My first novel. (Do all your writers say that?) I poured so much of myself into it, in terms of the way I see the world, my sense of humour, the writers who’ve inspired me – and also in terms of the sheer amount of time and energy I put into it while working full-time. Looking back, I’m really not sure how I did that with no guarantee it would ever see the light of day, and I’m not entirely sure I could do it again, now.

If there was one event in your life which really shaped you, made you the person you are today, what would it be?

I’m not sure there’s just one event. Can I squidge two into one? This is pushing it, but I think growing up as a Christian and then leaving the church when I was about 17. I really, really believed in God when I was growing up: heaven, hell, sin, the Bible, the whole kit and caboodle. It really shaped the way I saw the world, and still does in some ways. But as I got a little older, there were more and more questions I just couldn’t answer. Why is there so much unnecessary, pointless suffering and death in the world? Why is life so much more brutal and unfair for some groups of people than others? How can God care about sexual orientation? I just couldn’t square any of that with the idea of a benevolent god, and when I’d wrestled with it for long enough, I left the church. This really affected me, partly because I was suddenly away from this huge framework I used to think about the world, but more so because I’d single-handedly taken a decision to step away from something I thought was powerful and huge and beautiful, simply because I couldn’t make it sit right with me. I wouldn’t exactly describe myself as a rebellious person (see above re: not being a doctor), and I’m nobody’s idea of a saint, but leaving the church really affirmed for me the importance of doing what I want, and what I think is good, as best I can.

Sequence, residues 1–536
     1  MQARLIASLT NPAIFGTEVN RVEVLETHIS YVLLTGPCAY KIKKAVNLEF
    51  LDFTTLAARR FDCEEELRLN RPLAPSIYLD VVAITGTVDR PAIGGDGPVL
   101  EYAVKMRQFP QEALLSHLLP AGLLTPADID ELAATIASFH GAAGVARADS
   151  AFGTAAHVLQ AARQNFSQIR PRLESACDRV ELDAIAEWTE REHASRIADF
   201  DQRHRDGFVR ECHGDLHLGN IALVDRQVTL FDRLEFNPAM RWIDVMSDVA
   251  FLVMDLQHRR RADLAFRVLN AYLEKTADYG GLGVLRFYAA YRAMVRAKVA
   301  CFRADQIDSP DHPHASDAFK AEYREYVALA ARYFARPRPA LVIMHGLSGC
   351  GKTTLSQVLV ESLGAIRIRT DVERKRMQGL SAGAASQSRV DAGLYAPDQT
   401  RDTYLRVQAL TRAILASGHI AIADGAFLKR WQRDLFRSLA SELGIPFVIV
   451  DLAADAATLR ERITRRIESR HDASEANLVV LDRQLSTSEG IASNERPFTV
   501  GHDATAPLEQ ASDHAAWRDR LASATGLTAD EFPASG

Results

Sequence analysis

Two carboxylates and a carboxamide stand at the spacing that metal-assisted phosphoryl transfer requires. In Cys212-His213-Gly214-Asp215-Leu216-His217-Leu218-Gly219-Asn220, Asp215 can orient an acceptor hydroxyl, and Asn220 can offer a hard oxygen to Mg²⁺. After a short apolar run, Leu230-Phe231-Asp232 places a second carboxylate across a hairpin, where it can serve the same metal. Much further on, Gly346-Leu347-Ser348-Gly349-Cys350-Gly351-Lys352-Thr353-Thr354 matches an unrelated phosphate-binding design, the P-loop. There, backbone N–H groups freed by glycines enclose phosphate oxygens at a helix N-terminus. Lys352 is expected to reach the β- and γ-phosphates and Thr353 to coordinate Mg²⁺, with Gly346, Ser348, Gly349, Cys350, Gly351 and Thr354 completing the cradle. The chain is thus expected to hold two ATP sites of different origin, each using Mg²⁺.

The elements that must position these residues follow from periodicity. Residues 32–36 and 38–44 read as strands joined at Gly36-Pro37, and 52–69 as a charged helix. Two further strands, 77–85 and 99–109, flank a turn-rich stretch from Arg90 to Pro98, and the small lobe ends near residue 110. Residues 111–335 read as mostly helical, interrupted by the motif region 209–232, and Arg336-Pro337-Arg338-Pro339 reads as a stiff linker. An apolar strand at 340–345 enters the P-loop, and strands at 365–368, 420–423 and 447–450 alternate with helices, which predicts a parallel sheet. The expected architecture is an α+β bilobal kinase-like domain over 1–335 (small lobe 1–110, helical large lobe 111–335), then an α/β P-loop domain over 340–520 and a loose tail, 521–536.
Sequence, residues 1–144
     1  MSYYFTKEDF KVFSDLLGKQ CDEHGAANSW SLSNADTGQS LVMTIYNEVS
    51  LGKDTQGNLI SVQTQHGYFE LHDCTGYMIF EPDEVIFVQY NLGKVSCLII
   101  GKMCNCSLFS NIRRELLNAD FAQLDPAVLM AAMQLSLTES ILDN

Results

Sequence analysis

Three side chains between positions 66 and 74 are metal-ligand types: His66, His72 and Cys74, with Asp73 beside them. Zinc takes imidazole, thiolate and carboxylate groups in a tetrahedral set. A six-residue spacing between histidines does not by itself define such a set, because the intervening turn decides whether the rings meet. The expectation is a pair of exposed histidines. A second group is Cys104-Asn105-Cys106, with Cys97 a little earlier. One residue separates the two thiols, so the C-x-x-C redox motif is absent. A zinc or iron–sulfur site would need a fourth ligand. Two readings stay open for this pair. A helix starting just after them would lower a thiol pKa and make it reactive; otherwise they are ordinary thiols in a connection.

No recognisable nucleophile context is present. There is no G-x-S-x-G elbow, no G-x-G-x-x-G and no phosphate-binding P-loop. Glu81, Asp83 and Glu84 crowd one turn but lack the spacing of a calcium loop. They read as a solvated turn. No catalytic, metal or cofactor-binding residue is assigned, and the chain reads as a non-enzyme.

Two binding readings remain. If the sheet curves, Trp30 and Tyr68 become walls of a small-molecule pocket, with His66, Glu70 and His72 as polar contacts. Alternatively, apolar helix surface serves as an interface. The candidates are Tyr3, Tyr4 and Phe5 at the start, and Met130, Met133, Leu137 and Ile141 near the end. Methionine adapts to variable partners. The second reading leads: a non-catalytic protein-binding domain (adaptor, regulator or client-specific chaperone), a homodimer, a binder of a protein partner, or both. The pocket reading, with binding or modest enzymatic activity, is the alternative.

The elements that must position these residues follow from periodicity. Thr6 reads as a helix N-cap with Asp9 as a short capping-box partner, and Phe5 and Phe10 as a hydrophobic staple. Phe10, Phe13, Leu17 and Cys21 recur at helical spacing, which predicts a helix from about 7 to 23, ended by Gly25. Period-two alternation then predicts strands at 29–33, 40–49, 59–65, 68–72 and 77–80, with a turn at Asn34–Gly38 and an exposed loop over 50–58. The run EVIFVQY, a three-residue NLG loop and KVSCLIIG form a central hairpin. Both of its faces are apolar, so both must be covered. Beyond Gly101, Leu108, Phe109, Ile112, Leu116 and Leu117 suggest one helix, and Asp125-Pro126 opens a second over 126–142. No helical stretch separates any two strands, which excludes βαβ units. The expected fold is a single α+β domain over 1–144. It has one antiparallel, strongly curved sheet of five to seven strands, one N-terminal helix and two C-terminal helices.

If you had to make a song or rap boasting about your irresistible charm and brilliance, how would you describe yourself?

Look, I really tried. But no. I can’t. I cannot.

Have you ever made material sacrifices because of your integrity?